A perfect match?

When you've been married a few times, by the third or fourth wedding you should know what you're doing. HP and Compaq have each been through mergers a number of times now, but as they settle down together is it likely to be a discordant union or corporate bliss?

When you’ve been married a few times, by the third or fourth wedding you should know what you’re doing. At least the church, cars, flowers and reception will have been taken care of. HP and Compaq have each been through mergers a number of times now, but as they settle down together is it likely to be a discordant union or corporate bliss? Darren Greenwood asks around the congregation.

Last year, Hewlett-Packard supremo Carly Fiorina was looking for happiness when she sought the hand of Michael Capellas of Compaq.

But, as is sometimes the case, a disaffected family member, Walter Hewlett, piped up from the back of the church just as the two had made the aisle, holding up proceedings and making things look touch and go for a while. Despite his protestations, Hewlett was unable to stop the ceremony.

If this is the honeymoon, how are the newlyweds?

Oddly enough, while the original HP was the stronger partner overseas, prenuptial agreement aside, in New Zealand Compaq’s children from earlier unions have not only gained the plum jobs but inherited HP’s lovingly tended waterfront home in Auckland.

The sudden resignation of former HP New Zealand head Barry Hastings, leaving new boss and claimed friend Russell Hewitt for “lifestyle” reasons and his Waiheke olive grove, has meant a near complete takeover by the former Compaq.

Three months after the merger was approved by shareholders, HP New Zealand has completed the integration of both companies right down to the level of deciding which jobs stay and which go, even if a few people may still not have their precise roles settled.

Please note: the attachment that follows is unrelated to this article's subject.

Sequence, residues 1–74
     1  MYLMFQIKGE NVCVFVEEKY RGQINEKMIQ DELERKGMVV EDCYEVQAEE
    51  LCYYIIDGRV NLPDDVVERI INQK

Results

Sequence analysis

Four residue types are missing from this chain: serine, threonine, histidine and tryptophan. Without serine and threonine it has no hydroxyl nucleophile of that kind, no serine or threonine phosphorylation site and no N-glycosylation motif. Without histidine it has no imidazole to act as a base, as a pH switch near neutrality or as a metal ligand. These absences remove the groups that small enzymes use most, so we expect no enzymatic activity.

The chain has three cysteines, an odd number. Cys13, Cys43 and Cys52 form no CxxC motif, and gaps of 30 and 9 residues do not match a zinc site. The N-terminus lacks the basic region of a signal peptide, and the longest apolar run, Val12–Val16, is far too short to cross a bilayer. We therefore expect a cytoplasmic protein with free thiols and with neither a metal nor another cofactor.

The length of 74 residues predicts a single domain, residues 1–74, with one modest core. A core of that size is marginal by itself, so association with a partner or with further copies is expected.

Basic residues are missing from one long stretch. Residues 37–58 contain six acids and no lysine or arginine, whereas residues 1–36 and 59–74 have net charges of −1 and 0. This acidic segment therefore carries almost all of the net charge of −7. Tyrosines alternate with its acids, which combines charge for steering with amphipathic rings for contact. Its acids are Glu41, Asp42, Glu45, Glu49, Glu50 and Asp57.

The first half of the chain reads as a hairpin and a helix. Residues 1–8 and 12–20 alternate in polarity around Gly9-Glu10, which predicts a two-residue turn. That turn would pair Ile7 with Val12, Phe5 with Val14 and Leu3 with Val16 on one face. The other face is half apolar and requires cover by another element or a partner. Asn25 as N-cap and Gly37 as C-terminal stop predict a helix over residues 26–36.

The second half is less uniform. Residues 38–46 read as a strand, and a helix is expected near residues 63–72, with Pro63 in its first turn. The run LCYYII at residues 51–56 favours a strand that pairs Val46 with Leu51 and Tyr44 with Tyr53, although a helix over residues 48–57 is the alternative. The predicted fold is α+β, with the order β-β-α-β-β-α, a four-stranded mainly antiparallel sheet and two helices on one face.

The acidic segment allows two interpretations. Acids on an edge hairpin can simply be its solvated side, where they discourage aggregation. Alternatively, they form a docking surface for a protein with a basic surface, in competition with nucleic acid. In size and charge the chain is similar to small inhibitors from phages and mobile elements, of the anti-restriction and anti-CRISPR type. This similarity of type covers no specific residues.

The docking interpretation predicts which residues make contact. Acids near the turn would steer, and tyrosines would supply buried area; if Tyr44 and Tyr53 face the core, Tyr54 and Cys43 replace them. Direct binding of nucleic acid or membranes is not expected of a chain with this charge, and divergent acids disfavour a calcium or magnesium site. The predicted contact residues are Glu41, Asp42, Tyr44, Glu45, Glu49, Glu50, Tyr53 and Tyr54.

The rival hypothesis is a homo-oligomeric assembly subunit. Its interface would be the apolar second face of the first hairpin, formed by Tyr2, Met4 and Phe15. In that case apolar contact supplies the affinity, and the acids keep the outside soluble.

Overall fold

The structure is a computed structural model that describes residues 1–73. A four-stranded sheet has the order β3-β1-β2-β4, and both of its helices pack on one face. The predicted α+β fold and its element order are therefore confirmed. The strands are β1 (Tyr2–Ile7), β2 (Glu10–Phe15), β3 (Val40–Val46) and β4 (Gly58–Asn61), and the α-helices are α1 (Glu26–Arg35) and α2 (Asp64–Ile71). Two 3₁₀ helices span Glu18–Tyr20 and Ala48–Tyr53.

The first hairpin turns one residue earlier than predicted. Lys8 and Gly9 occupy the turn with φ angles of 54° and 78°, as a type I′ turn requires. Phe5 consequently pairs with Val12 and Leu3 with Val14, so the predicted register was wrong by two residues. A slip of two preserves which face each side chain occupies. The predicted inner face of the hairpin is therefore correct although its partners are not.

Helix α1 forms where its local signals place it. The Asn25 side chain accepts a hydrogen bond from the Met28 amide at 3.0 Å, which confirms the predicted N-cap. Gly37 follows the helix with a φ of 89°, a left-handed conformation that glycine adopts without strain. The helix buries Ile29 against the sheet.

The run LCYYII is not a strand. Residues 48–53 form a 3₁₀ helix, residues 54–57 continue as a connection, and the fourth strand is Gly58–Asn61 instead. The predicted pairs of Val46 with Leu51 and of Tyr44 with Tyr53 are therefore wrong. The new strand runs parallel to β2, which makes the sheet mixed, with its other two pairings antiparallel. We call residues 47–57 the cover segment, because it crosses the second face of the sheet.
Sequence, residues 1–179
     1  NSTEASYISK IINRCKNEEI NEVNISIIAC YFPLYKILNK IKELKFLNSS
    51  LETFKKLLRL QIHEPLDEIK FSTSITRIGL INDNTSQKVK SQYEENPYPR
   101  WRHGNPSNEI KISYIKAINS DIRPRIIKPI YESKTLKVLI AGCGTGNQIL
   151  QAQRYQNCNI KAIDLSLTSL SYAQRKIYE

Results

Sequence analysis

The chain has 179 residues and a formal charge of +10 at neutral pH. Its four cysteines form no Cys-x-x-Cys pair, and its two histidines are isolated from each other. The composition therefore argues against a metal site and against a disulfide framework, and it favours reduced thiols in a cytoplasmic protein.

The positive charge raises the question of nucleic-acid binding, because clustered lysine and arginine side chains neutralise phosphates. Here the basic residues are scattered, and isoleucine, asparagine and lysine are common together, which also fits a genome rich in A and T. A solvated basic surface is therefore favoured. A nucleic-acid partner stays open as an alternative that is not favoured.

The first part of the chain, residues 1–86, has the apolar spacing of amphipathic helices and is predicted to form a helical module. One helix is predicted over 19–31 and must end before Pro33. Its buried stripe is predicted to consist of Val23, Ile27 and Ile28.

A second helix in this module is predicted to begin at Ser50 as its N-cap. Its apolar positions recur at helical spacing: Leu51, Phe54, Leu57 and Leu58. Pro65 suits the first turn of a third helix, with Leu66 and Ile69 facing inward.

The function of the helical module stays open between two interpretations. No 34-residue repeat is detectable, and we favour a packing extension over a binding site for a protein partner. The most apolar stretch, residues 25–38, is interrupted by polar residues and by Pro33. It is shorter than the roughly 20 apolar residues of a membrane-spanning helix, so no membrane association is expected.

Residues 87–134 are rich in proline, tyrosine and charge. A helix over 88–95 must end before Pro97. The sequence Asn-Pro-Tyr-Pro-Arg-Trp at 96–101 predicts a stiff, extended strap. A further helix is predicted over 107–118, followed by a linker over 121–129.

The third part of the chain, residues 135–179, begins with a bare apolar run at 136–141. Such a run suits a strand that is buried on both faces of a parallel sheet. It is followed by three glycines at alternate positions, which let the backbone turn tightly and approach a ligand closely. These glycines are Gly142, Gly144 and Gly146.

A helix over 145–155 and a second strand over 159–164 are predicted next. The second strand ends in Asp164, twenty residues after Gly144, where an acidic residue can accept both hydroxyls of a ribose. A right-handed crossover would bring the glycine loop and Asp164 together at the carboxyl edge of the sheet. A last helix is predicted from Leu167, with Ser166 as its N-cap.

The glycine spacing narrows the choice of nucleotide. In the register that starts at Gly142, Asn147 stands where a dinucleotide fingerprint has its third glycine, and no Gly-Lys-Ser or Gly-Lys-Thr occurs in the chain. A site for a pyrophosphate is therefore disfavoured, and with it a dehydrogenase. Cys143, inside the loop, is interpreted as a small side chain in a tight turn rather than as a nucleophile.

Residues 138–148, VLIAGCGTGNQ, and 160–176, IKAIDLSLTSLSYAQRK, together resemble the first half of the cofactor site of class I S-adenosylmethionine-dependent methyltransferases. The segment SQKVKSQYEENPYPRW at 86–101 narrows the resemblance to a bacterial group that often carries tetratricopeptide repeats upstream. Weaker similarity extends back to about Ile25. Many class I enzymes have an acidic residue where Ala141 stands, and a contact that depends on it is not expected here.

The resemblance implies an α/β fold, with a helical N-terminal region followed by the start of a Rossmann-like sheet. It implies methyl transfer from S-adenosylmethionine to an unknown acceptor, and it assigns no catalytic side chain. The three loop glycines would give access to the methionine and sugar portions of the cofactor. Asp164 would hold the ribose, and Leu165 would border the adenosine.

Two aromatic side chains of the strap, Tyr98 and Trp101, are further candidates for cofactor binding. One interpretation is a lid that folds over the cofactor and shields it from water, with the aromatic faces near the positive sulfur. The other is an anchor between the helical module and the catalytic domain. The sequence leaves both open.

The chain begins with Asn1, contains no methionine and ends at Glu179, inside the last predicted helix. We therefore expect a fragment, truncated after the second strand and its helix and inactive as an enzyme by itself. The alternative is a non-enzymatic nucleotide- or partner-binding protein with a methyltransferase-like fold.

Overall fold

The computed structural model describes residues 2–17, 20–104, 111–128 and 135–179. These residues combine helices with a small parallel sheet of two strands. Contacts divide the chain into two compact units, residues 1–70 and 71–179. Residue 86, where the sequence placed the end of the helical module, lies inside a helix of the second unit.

Hewitt says total staff numbers will be about 580, about the same as the two companies’ combined head count when the merger was announced. This is because the company has gained in some areas and lost 40, half through voluntary redundancies.

There have been no compulsory redundancies, Hewitt claims. That’s a happy outcome, given that the parent company was talking about staff cuts of 10% in the early days of the merger.

Company insiders for the most part speak well of the merger. So do resellers, some of whom are apparently getting some input into the new company, and even customers. One former staffer said it was well-planned, particularly on the IT front: as soon as staff got back to their desks after the official merger announcement on May 7 everyone had HP email addresses.

For months Hewitt has been crowing about business “rocking” for the new company. His claims appear to have been vindicated — at least in the PC market — by the latest sales and market share figures from IDC. Its quarterly survey shows HP increased its portion of the PC market from 37% to 42%, while its nearest competitors remain in single figures. HP’s share of the PC server market was 55%, sales increasing 25% on the previous quarter. There’s a small downside: Toshiba regained top spot from Compaq in the notebook market.